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Fall Anime Season 2018 – Review January 1, 2019

Posted by coolmikeol in Seasonal Anime Reviews.
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I got a late start on most of these series as I was in Japan when they started. I started watching about halfway into the season, and slowly I added a few more series as I watching during it. The only one I did plan to watch but haven’t started yet from this season was Sword Art Online: Alicization, but since it’s going to be a fairly long series I knew I didn’t have to rush into it. If you want to see a full list of what animes I’ve watched, you can always check out My Anime List. Here is a list of animes that I watched from this season:

Gaikotsu Shotenin Honda-san

Goblin Slayer

Seishun Buta Yarou wa Bunny Girl Senpai no Yume wo Minai

SSSS.Gridman

Tensei shitara Slime Datta Ken

Toaru Majutsu no Index III 

Tonari no Kyuuketsuki-san

Uchi no Maid ga Uzasugiru!

Yagate Kimi ni Naru

Remember, these reviews assume that you have watched the series, which means SPOILERS will be few but imminent. You have been warned.


Gaikotsu Shotenin Honda-san

Skull-face Bookseller Honda-san‘s “story centers on a skeleton named Honda who works in a bookstore. Hilarity ensues daily in his work at the shop’s manga counter.” I connected with this anime as it was all about retail work in a bookstore. As a person who works in a bookstore myself, I related to a lot of what Honda-san went through. Of course the main difference was that this was about a Japanese bookstore that seems to sell a large variety of books, where as my department exclusively sells textbooks used for University college classes. There was some cases where the more specific situations that Honda-san had I had trouble keeping up with understanding, but that’s probably because just like with all retail stores, there’s always something to do. Employees and customers are in a rush alike, and so are the tasks to do. My favorite episode was the last one, as I could relate to most if not all to what a bookstore deals with. From looks alone, I probably would have skipped this anime if I had not known what it was about. I’m grateful that I did check this short anime out because it put a smile on my face, and I’ll definitely think about it from time to time while I’m at work.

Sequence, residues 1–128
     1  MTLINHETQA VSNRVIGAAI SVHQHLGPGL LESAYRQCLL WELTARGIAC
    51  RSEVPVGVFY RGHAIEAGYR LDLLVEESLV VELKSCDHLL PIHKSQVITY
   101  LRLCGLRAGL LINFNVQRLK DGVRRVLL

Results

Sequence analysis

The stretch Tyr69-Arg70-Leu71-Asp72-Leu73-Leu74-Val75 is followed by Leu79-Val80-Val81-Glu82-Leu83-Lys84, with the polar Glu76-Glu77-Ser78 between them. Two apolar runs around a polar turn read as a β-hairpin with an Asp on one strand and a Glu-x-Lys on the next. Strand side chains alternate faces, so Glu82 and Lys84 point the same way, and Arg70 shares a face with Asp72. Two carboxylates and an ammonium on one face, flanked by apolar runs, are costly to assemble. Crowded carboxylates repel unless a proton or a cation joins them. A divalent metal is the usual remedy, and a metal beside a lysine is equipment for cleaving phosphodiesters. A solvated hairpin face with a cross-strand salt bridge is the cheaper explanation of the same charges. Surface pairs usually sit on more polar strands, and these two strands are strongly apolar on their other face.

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Goblin Slayer

Goblin Slayer, with its raw violence and disclaimers about it, was something that people either liked or didn’t like. I myself had no problems with it, but I can imagine why controversy was stirring about it when the anime started. Images of gore and rape were present and talked about in the show, but it was done to set the reality of how dangerous goblins were when left unchecked. Goblin Slayer (the character) had goblins killing on his mind ever since they killed people close to him when he was a child. Now he goes about on quests only to kill goblins and nothing else. He eventually has a party of people helping him, and they do their best in whatever dark situation they find themselves in.

Unlike most animes that look the same as this one, I felt that the fights that Goblin Slayer and company had were more realistic in the sense that there was no plot armor to protect them. Their strategy and teamwork to fighting the goblins was their greatest weapon, and even when things didn’t go according to plan, they fought until they could no more. The tag line for this show: “He does not let anyone roll the dice” probably means that Goblin Slayer controls his own destiny, and he will not let anyone control it for him in the form of luck or higher beings. Hard work, advanced planning, consistency, and a passion for killing Goblins seems to be the core that drives Goblin Slayer to live up to his name.

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Seishun Buta Yarou wa Bunny Girl Senpai no Yume wo Minai